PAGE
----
a shouting match between Republican and Democrats.
BY MICHAEL LUSTIG
A Diag rally staged yesterday intended to pro-
mote student voter registration degenerated into a
shouting match between Democrats and
U.S. Rep. Carl Pursell (R-Plymouth) and his
challenger for Michigan's Second Congressional
District seat, State Sen. Lana Pollack (D-Ann
Arbor), were scheduled to speak, but Pursell did
not attend, even though rally organizers had ex-
Speaking to a crowd of about 100 people, as
well as the Diag's usual noon-time throng, Pol-
lack launched an attack on Pursell's legislative
record, zeroing in on environmental issues.
"WE'VE GOT a man in Congress who
thinks he owns the seat," Pollack told the crowd
which was speckled with a wide range of
campaign signs including "Pollack for
Congress," "Re-elect Congressman Carl Pursell,"
"Riegle for Senate," "Bush-Quayle," and
Pollack then held up a poster put out by
y turns into argument
Environmental Action, an environmentalist
group that named Pursell one of its "dirty dozen"
legislators with the worst records on
"Carl Pursell said there's no money for clean
water, but he's got money for the MX (missile)
and the B-1 (bomber)," Pollack said.
In 1985, Pursell voted against increasing
funding for the Clean Water Act.
ANN ARBOR City Councilmember Mark
Ouimet (R-Fourth Ward), who spoke on behalf
of Pursell, said the six-term incumbent had a
In her address to the crowd, Pollack called for
more involvement in education, clean water,
health care, and an increase in the minimum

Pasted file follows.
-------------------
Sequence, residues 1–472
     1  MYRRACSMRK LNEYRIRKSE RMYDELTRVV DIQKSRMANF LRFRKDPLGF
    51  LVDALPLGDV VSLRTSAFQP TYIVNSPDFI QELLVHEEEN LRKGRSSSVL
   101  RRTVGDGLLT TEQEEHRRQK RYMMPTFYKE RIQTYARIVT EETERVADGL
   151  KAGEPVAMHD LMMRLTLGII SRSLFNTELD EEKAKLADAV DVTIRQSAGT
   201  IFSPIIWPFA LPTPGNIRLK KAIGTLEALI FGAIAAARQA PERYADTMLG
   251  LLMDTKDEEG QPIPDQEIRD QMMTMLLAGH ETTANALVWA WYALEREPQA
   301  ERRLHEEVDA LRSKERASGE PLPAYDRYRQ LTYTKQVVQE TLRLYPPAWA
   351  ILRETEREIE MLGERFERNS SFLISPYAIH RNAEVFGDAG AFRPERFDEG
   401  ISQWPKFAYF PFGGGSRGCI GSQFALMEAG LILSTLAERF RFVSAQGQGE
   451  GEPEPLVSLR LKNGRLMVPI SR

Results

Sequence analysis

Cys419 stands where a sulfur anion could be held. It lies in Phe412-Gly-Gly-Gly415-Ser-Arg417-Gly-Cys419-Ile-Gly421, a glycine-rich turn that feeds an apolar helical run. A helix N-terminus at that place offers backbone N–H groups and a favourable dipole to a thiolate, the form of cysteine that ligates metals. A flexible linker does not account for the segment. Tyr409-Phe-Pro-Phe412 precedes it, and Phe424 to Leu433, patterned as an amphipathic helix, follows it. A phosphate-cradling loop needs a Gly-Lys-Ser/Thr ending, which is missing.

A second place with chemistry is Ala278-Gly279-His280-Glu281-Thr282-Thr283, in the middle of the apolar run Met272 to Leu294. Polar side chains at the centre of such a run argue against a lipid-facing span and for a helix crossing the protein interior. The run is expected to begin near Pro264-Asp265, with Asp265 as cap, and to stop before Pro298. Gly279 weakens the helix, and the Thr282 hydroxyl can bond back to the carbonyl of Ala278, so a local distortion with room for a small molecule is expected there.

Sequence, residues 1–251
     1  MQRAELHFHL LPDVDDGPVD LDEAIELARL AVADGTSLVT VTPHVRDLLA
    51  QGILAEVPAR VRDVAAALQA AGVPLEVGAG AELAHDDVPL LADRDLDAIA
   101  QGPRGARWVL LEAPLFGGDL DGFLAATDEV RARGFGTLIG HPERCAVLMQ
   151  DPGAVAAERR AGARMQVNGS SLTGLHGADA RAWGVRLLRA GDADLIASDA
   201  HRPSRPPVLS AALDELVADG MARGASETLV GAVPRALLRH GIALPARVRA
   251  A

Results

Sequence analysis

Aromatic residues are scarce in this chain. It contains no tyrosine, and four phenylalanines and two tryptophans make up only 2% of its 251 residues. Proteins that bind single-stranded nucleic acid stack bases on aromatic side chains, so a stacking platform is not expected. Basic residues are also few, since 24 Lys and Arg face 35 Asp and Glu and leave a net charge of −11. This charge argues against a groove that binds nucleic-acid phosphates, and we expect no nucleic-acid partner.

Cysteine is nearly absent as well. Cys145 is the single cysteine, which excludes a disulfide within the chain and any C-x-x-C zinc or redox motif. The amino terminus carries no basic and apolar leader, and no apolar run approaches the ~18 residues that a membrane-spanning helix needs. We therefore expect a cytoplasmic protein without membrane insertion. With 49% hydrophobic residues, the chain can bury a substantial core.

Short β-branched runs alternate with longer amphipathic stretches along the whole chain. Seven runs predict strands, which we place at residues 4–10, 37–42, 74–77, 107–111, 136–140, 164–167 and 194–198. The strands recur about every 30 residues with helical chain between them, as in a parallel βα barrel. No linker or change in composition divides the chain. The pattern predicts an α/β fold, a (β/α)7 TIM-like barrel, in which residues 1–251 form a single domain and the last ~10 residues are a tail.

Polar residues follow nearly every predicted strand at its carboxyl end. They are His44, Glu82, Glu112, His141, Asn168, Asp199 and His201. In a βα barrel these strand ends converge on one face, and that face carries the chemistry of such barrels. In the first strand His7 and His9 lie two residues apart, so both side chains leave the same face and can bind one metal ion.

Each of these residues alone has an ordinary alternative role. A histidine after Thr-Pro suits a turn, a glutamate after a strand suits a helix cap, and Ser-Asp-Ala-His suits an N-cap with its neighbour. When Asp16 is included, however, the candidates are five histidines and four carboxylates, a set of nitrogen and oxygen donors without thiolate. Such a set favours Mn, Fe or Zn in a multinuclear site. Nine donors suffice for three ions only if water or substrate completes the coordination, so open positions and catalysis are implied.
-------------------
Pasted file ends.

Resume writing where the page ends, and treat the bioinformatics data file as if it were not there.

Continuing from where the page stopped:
She then further attacked Pursell's record,
highlighting his vote against the Civil Rights
Restoration Act earlier this year. Pursell has "a
record that cannot be defended," she said.
As Pollack continued to speak from the steps
of the Graduate Library, crowd members grew
increasingly vocal. Shouts of "Lana, Lana" com-
peted with cries of "Bush-Quayle," disrupting
WDIV-TV reporter Emery King's attempts to
OUIMET DID not respond to Pollack's
jabs at Pursell - in fact he complimented
Pollack's performance a state senator - but used
his time to voice his concern about recent
violence on campus, something which concerns
him greatly, he said.
Last weekend, two University students were
stabbed in front of the Michigan Union, and the
weekend before, a man was attacked near the
Stop-N-Go convenience store on East University.
Ouimet did counter a statement by Pollack,
who urged voters to vote a straight Democratic
ticket. Ouimet asked voters to "draw an educated
approach to your vote" by learning about candi-